As mentioned in the last column, at the end of a long tiring flight, as the aircraft was making its descent, I saw London ablaze in lights under a blanket of snow. The captain announced the local time and temperature on the ground but neither helped to lift my low spirits. The local temperature was below zero and the time was approaching midnight.
Suddenly, I was seized with fear, a sense of uncertainty and utter loneliness, having realised the magnitude of the task I had undertaken and the risks I faced. I was entering a strange and cold city where I didn’t know a soul at that hour of the night, with precisely twenty pounds in my pocket, not knowing what will happen when I had spent my entire capital. Toying with the idea of catching the first available flight home, I looked at my documents, passport, health certificates and finally the flight ticket as the plane landed on the ground with a thud; I only had a one-way ticket to London. That was all my brother could afford!
As I went through the immigration formalities, I felt that everybody in the orderly queue, which had formed spontaneously, was watching me in the brown, ill-fitting coat, making me look comical and I was highly embarrassed. I collected my suitcase, put it on a trolley and walked out to the airport bus to Victoria. The red, amber and green traffic lights, which I was seeing for the first time, kept me occupied and kept my stress level at bay until the conductor came to collect the fare, which was one pound. As I got off the bus, I asked the driver how I could get to the Indian Students’ Hostel in Guildford Street and he advised, “Take a taxi, lad.” Little did he know that I had a limited budget!
I toyed with ideas of getting to my destination through cheaper means of transport but the fact that I was a stranger and the freezing temperature precluded it and ultimately I decided to hire a taxi. The taxi took me to the hostel, where I arrived at about 3am. After pressing the bell continuously for five minutes, while snowflakes were falling on me, I saw a saree clad irate Indian woman come out of the door and she greeted me with, “Fine time to arrive on a cold miserable night.”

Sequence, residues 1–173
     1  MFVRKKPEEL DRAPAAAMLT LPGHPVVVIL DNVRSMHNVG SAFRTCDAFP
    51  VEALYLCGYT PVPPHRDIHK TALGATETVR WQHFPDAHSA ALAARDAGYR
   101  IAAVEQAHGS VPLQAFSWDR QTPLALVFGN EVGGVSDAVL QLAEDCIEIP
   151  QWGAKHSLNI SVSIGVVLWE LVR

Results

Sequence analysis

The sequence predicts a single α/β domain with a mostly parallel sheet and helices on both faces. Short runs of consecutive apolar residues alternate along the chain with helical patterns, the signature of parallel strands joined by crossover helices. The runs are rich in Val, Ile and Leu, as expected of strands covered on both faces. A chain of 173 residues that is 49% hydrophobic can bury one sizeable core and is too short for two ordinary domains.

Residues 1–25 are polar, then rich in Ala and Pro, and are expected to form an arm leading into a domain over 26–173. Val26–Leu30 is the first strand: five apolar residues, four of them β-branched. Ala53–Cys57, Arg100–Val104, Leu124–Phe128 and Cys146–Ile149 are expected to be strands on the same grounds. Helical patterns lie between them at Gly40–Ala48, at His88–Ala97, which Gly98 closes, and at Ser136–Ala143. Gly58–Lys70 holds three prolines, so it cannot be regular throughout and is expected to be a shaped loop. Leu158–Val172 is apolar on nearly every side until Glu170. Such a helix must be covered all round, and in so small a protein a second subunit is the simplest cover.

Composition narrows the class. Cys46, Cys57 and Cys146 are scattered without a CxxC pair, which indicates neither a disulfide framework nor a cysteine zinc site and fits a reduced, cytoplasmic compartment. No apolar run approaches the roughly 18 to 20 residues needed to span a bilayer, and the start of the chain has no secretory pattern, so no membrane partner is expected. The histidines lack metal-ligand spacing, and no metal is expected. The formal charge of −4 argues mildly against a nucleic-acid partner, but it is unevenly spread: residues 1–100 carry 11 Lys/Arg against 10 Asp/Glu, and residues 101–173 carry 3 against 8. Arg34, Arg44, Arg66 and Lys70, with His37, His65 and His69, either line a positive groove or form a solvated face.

To further aggravate her mood, I remembered Janmohamed’s famous last words before I boarded the plane.
“Send us a telegram as soon as you reach there; none of us will be able to sleep until we have received a telegram telling us that you arrived safely.” There were no emails or mobiles then.
So I said to the woman, “I need to send a telegram home.”
“The nearest post-office is in Leicester Square. You better go there in a taxi,” she replied. Luckily, while this conversation was going on, the taxi-driver was waiting for his fare and listening to it and he said. ”Hop in the cab, Squire and I will take you there.”
At about four in the morning, I was back at the hostel and realised that my capital of twenty pounds was drastically depleted! The place was not centrally heated and I did not have coins to put in the metre. After resting under the eiderdown, wearing my famous coat for a couple of hours, I washed myself and went down for breakfast. I saw the same irate woman, in a better mood now, serving eggs, bacon and sausages to Indian students who lived there. I had only booked for a week, hoping to find a job within that period. I fell in conversation with the residents and said to them. “I am here for three years during which period, I hope to get my FRCS.”
One of them replied to my horror:” Almost all of us have been here for five years and haven’t managed to clear the Primary.” He was referring to the primary fellowship examination, a fact which traumatised my morale further. After breakfast, I walked to ‘India House’ in Adelphi to see the Student Advisor and registered myself as a new arrival, as advised by classmates at GMC. ” He is there to help Indian students,” they said.
After a long wait, I managed to see him and told him of my problem which was to obtain a hospital job quickly. His reply was reproachful.
“You chaps arrive here thinking that the streets of London are paved with gold and hospital jobs are there for the asking.”
Highly depressed, I went to the library and read Indian newspapers with heavy nostalgia, contemplating my next move. The warden of the hostel had already asked me to pay my charges for “bed & breakfast” and I thought it was time to cash my ‘chitti’. Knowing the poor state of my finances, I went to the bank area in the tube with a lot of help from strangers, found the right address and presented the ‘chitti’ to a kind looking gentleman, sitting in a dark dingy office heated by an open fire and illuminated by electric lights.
He read the ‘chitti’ and promptly gave me fifty pounds in crisp new notes. I felt mighty rich and made my way to the Indian High Commission where I knew, from my visit that morning, that they served lunch for half a crown. After enjoying a hearty meal of curry and rice, I decided to walk back to the hostel to catch up the sleep I had missed the previous night. As I walked on Southampton Row, on the way, I checked up at Wimpy if they needed any casual staff. In reply, the manager assured me. “We always need dishwashers daily.”
This was typical of my anticipatory and organised nature, in case I did not find a hospital job before I spent my fifty pounds. However, the exigency did not arise because a chance encounter changed my fortune in London for the immediate future.